A Good Beer Blog


Have you read The Unbearable Nonsense of Craft Beer - A Rant in Nine Acts by Alan and Max yet? It's out on Kindle as well as Lulu.

Maureen Ogle said this about the book: "... immensely readable, sometimes slightly surreal rumination on beer in general and craft beer in particular. Funny, witty, but most important: Smart. The beer geeks will likely get all cranky about it, but Alan and Max are the masters of cranky..."

Ron Pattinson said: "I'm in a rather odd situation. Because I appear in the book. A fictional version of me. It's a weird feeling."


Comments are locked. No additional comments may be posted.

Stan Hieronymus -


I was at the same table with Jay for the closing banquet last night and there was an empty chair you could have had.

It reinforced what I saw scores of times over four days: "those who open and then experience what others have created" include brewers themselves.

To me that certainly is one of the attractions of writing about brewers.

Alan -

While I am inordinately against gurus, it is not that I am not uninterested in brewers but it is such a luxury in that few beer drinkers will have a real relationship with brewers. While we can generally spot an uninventive, boring or lazy brewer, we do not really know them through their works. We only learn of the works themselves. The interesting thing about beer - and perhaps distinct from any other craft or art - is that the act of individual personal consumption <i>is</i> when the craft is realized. But as you say, perhaps among the most intelligent of consumers are the best of the brewers themselves.

Stonch -

Perhaps we need a beer blogger convention some day?

Alan -

That would be fun but, like transporting beer, expensive. Like the Big Brew held by the US homebrewers organization, however, there could be a linked event. I have a circle of beer lovers here and I suspect you do too. There could be hubs of activity that are linked through a website reporting back on the global convention taking place everywhere, right where each person lives.

Donavan -

I don't have a consistent approach to writing about beer, but for the most part I tend to go in quietly and keep a low profile and write about the beer/brewery/pub from the perspective of the guy in the street. There are a few exception because I can't avoid meeting brewers indefinitely. I expect that "being known to the brewer" is an occupational hazard of being an amateur beer writer, but that's certainly not why I write about beer.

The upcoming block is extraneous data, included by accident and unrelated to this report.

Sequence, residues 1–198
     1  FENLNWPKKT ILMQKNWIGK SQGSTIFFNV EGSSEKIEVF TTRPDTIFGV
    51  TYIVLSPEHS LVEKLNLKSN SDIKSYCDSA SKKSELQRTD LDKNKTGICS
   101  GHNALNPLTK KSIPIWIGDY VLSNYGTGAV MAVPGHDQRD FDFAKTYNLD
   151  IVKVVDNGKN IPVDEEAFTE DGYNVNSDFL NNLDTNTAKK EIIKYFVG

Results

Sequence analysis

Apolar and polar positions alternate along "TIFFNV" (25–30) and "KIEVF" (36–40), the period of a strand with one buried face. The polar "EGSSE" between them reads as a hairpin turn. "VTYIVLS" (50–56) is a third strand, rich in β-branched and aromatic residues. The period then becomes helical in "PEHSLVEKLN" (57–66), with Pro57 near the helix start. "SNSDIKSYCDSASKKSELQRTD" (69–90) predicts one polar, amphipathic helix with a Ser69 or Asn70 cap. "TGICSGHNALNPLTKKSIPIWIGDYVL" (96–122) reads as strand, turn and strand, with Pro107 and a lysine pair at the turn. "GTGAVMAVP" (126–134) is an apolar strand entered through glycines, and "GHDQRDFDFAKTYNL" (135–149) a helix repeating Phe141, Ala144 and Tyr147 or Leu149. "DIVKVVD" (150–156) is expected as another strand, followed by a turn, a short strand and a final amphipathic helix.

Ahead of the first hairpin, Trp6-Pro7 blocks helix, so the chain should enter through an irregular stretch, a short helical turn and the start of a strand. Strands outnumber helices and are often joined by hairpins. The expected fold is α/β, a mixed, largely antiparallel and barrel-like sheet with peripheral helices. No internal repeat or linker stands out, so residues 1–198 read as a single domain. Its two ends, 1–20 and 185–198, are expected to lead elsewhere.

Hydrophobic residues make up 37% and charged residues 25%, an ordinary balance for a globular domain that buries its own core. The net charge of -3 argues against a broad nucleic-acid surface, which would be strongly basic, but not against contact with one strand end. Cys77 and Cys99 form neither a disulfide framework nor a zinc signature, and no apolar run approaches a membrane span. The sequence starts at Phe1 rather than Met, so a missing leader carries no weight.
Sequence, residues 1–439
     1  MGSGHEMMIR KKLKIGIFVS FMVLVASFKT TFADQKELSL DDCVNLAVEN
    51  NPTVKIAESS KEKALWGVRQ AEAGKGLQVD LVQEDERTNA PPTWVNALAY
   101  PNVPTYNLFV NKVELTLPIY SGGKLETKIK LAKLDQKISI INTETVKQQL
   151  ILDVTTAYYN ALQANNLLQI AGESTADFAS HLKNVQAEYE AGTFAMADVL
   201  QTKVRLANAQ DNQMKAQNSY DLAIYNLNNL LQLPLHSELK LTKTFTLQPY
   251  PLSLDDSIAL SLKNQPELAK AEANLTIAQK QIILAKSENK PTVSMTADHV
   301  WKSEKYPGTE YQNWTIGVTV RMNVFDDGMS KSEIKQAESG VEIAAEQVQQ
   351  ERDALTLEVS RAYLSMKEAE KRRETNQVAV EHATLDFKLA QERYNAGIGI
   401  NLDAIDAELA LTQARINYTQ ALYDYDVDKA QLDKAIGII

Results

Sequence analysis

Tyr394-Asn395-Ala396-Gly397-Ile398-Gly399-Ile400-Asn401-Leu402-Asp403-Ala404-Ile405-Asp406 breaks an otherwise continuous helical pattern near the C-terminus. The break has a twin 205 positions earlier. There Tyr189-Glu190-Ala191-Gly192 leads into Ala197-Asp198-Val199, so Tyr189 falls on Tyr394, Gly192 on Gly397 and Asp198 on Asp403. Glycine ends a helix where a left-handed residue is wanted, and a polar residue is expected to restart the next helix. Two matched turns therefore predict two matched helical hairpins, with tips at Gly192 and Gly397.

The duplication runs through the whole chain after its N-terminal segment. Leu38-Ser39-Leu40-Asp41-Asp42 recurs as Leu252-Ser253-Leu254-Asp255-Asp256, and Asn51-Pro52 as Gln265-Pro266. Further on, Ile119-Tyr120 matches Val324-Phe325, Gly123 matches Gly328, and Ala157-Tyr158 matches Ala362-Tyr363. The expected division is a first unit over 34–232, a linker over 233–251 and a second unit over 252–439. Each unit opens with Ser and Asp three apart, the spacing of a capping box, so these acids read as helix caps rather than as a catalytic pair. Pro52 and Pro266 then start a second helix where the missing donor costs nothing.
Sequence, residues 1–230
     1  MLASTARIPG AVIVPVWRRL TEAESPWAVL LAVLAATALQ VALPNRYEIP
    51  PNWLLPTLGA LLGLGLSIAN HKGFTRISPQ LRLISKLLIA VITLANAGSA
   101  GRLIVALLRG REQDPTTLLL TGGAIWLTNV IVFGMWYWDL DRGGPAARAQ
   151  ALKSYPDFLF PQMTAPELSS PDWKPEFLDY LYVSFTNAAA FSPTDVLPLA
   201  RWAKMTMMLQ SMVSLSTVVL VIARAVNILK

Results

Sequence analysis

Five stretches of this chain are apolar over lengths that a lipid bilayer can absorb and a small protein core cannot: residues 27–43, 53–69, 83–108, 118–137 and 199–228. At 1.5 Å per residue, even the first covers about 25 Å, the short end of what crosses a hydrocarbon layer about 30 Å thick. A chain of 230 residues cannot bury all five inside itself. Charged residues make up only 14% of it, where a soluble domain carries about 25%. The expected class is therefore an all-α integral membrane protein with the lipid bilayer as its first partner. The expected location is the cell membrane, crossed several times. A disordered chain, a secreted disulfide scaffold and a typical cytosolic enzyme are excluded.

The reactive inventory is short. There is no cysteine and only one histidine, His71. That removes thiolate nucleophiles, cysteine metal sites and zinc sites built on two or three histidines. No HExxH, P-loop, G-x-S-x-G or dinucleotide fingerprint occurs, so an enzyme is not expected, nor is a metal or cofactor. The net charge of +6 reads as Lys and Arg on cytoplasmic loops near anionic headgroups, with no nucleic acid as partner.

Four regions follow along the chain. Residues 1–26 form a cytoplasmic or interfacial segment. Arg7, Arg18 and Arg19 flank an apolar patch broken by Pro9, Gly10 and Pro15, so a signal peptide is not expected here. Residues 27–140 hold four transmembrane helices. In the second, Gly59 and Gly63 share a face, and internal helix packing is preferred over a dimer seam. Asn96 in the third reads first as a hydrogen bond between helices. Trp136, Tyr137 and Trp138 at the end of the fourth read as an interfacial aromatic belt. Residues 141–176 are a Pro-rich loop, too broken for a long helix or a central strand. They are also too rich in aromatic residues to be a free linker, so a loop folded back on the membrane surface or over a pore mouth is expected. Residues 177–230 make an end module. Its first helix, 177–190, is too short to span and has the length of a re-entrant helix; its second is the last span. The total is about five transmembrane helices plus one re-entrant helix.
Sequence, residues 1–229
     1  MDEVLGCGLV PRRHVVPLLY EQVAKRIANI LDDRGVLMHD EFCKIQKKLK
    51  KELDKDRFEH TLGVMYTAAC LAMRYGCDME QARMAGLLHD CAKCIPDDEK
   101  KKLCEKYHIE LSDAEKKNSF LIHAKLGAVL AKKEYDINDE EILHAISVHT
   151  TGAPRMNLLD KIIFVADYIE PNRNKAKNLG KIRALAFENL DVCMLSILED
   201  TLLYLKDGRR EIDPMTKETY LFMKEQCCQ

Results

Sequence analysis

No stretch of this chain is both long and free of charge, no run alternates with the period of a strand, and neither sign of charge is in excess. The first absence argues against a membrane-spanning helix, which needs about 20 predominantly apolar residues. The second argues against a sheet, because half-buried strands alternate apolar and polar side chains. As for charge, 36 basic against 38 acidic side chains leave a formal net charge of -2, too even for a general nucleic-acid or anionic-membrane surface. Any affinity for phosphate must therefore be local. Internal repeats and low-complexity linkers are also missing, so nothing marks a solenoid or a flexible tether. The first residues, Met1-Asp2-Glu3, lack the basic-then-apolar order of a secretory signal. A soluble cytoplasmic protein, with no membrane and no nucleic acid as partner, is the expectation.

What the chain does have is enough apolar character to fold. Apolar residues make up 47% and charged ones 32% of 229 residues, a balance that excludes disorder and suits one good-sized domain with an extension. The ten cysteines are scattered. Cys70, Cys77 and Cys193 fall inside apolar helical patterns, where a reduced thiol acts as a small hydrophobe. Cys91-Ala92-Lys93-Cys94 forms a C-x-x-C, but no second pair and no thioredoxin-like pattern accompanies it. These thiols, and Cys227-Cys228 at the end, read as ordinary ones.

By contrast I recall that Pete Brown managed to score interviews and special tours on just about every continent in Three Sheats. He still managed to capture the everyman experience, but covered the insider angle also.

I'm sure a beer blogger conference could be piggy-backed as a special session during one of the bigger events. I'd be game for any model. One way to do it cheap would be to desinate a hotel/lodge/B&B etc near a staged festival. Meet-up, do the festival, then have a blogger BS session back at the hotel/lodge/B&B.

Stan Hieronymus -

Stonch - At the Jerusalem, right?

Alan -

Now <i>that</i> would be good. How do we get sponsors to pay for the flights?

Donavan Hall -

New York to London is fairly cheap. I'm there. What's the date?

Stonch -

Yes Stan, there's a back room at the Jerusalem that would do the trick nicely ;-)

I hear NYC gets nice in Spring though...

Stan Hieronymus -

Stonch - I checked out the back room last year. It doesn't take long to see the whole pub ;>)

Donavan - Albuquerque to London costs a little more :<(

Besides, I can tell that Stonch is itching to try American beer.

Alan -

We need an IT solution even if we bring Stonch over on a beer tour of the USA.

Knut Albert -

Thanks for the thoughtful words, Alan. I tend to do as Donavan, go in quietly and be someone just off the street. But sometimes I e-mail a micro brewery and interact a bit more, and sometimes I get chatting if I turn up on a quiet afternoon and the guy behind the bar sees me taking notes. The micro brewers here in Norway know my name (and some my face), and there is the occational sample or t-shirt coming my way. I have a special relationship with the Panil brwery in Italy, but that's about it. I pester some importers/distributors here in Norway, but they probably think I am more of a nuicance!

I am active in the forums at ratebeer, which is fan based. Some of us have tastings after hauling home rarities from around the globe, and it also a network where you can find someone to have a pint with when you are travelling.

What I like with beer blogging is that I can be enthusiastic (most of the time), but I can also write pieces putting down what I feel are stupid moves in the beer world. The destruciton of the legacy of Young's of London, for excample. If I did this for a living, I would have to be more polite. Nor to craft producers who don't get their products right. But to Diago, Carlsberg, Heineken and the other members of the Axis of Lager.

I get feedback from (small) brewers. They google their beers and find my blog. I enjoy that.